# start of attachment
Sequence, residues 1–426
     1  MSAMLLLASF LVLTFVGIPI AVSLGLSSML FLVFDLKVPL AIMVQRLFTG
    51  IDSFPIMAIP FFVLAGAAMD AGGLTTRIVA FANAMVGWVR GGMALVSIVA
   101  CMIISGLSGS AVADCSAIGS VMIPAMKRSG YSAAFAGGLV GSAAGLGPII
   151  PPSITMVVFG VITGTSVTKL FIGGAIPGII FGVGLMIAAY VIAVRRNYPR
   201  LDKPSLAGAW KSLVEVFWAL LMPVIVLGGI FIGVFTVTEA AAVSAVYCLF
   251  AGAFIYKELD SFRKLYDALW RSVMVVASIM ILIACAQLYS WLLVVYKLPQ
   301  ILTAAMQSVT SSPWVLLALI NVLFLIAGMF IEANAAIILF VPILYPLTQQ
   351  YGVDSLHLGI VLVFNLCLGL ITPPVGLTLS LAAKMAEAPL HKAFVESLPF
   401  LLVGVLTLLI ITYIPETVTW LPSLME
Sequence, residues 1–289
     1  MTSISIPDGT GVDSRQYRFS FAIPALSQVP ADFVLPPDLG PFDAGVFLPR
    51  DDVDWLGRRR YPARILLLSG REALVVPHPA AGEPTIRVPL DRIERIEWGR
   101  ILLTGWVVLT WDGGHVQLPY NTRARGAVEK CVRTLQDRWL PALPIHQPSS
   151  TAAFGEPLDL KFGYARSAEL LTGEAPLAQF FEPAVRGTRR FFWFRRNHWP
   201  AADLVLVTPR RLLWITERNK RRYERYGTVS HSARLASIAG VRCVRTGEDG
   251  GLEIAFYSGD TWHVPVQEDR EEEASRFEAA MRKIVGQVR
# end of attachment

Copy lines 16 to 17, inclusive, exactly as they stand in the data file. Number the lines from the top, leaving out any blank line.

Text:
   201  AADLVLVTPR RLLWITERNK RRYERYGTVS HSARLASIAG VRCVRTGEDG
   251  GLEIAFYSGD TWHVPVQEDR EEEASRFEAA MRKIVGQVR